dressed up for the Rolling Stones concert
Depending on where you live, as I've learned from talking to other mom's around the country, judgement against alternative parents can be harsh. Where I live, it's hit or miss. Some will accept you for who you are, while others will look down on you for the way you look.
In my experience, I have seen both sides. I have been respected and disrespected for my tattoos, piercings, and rock style. I have received negative looks and comments, especially when I'm out and about with my son. You know the look I'm talking about- the look where you KNOW they are casting some sort of judgement in their head. Usually, I smile and say hello, and continue my day. They don't know me, and the stigma against those with tattoos and piercings is dated.
Halloween 2011. Yes, I was very pregnant!
My husband was Slash, and I was a punk rocker.
(80's costume party). Not Far from our real style!
There was a point where I began to hide this part of myself and cover my tattoos, especially around other moms. For the first time, I feared judgement. Not for my own sake, however, but for my son. I was afraid that if a mom thought I was a bad influence that they would not allow their child to play with mine. But eventually I realized that I was leading a poor example for my son. What would this be saying to him? To change who you are to please others?
While my style has matured, it still has a rock edge to it. I love my leather jacket, my heavy eye liner, and my interesting shoes. But besides clothing, the attitude is important too. I don't care what people think. I am who I am, and you can take it or leave it.
So, what are some positive aspects to having alternative parents?
*I by no means mean to say the following can't be taught by someone who is not "alternative"*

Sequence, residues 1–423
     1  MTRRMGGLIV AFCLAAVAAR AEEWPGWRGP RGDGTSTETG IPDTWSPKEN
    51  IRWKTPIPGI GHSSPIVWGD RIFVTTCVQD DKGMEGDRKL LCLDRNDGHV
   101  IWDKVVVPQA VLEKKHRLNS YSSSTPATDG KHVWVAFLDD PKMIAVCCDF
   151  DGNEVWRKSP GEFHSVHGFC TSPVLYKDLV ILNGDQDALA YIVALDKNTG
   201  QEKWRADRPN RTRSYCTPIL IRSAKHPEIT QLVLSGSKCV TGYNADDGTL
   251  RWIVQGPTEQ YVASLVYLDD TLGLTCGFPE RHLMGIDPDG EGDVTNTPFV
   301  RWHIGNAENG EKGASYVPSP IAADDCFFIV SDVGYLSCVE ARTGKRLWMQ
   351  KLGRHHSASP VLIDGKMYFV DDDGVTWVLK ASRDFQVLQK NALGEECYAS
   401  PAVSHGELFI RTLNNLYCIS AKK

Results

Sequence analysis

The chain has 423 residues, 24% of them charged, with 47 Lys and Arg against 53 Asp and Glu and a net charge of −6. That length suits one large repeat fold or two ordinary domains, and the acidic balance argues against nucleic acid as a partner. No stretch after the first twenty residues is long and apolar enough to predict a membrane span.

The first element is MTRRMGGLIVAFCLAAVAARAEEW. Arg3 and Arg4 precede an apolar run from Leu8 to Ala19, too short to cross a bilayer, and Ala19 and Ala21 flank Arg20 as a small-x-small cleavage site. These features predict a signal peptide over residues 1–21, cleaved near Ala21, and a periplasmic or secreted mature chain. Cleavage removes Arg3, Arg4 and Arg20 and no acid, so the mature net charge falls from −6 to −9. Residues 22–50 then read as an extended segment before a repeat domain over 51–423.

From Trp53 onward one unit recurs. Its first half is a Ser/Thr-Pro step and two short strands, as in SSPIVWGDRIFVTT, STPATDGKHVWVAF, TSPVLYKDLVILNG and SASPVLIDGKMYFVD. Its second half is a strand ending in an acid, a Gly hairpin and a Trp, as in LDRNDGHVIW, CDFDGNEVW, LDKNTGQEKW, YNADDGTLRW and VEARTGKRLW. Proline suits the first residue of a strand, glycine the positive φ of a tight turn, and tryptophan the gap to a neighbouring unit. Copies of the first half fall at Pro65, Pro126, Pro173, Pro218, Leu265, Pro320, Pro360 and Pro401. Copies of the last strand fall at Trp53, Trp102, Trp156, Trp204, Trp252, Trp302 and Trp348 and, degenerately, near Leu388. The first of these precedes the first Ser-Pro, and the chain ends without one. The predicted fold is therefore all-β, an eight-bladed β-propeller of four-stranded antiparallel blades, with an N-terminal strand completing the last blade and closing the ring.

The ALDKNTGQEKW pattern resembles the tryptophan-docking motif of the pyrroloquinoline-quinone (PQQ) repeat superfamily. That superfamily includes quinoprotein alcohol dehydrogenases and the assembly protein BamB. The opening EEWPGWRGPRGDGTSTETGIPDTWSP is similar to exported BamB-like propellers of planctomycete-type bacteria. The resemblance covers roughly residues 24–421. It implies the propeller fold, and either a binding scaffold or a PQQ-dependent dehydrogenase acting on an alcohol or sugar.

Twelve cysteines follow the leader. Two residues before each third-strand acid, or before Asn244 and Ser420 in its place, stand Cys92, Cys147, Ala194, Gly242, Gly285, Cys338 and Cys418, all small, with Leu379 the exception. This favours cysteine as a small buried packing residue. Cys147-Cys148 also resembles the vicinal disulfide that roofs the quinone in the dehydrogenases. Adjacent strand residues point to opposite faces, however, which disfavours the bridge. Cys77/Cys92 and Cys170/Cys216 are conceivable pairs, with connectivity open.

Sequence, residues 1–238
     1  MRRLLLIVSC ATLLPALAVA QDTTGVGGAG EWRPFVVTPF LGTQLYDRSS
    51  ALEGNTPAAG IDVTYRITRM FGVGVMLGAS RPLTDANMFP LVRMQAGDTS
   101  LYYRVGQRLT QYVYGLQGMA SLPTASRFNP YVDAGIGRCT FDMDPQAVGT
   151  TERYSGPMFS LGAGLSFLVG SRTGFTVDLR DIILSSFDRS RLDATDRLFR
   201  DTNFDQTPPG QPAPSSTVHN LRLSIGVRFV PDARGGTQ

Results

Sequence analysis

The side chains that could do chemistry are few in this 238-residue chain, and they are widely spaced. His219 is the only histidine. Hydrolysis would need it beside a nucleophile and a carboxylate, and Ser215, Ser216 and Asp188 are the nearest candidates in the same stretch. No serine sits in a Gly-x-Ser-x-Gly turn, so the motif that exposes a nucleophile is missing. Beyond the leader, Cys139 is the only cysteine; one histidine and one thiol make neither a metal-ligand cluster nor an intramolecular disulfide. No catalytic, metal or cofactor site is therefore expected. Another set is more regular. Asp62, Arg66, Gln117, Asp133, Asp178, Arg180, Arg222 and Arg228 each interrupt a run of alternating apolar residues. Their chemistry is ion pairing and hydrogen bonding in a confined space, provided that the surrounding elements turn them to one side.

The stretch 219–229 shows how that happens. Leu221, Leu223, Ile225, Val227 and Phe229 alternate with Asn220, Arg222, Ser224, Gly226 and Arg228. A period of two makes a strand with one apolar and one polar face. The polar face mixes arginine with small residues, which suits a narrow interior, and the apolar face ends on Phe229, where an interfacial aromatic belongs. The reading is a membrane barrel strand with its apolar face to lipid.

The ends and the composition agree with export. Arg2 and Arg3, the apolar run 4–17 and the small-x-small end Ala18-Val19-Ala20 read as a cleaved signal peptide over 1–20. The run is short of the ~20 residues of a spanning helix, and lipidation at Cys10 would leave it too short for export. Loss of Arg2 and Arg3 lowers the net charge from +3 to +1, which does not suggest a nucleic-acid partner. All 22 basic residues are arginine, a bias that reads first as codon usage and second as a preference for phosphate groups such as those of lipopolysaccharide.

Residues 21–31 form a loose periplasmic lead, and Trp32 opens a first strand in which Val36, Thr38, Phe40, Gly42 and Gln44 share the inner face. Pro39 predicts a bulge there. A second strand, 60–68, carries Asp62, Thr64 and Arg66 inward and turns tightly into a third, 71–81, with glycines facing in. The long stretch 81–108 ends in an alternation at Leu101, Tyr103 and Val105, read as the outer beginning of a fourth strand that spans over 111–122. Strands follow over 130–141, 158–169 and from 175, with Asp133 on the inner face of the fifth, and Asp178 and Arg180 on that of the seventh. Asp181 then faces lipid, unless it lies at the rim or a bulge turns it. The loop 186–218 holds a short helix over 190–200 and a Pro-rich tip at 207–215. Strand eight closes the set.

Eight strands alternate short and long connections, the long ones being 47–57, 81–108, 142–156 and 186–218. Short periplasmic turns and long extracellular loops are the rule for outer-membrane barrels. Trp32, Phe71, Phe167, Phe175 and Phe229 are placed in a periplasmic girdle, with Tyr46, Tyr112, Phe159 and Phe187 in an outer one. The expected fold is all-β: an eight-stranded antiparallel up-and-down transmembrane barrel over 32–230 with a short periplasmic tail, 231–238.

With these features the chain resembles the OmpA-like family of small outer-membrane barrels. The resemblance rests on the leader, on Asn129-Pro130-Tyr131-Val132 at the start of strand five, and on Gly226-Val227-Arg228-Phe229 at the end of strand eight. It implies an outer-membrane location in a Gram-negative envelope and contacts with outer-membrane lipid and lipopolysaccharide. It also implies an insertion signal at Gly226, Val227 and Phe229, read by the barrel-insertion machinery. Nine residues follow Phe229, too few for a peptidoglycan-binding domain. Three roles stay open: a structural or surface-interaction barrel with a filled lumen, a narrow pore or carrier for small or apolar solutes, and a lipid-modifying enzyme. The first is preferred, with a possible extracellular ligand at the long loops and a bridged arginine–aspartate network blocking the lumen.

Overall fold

#1: Be Yourself
Be who you are, son. Like what you like- and don't let anyone stop you. Real friends will like you for who you are, and would never ask you to change. Be an individual, and don't mold to what others feel you should be.
My hope is that he will look to us for this trait, and feel more comfortable in expressing himself. I want him to be confident, and to have self worth, and to not let bullies get him down. I want him to have friends who are genuine, and I don't want him to feel pressured to dress or act a certain way.
My husband and I are not into gender roles. My son loves to play with trucks and tools, but when he really liked another child's baby doll, we got him one as well. He likes to help me brush my hair, and will snag my makeup brushes if I'm not careful. He likes to listen to Rancid, the Ramones, and Psy! All in all, he has quite the personality, and he knows what he likes! He's even starting to pick out his clothes for the day (at 18 months old). We want to keep this going throughout his life- allowing him to fully express himself.
#2: Respect the Differences of Others
Alternative or not, we should all be teaching our children how to respect others, and respect themselves.
I'm sure I'll add to this idea in the future. Please feel free to comment with your own experiences!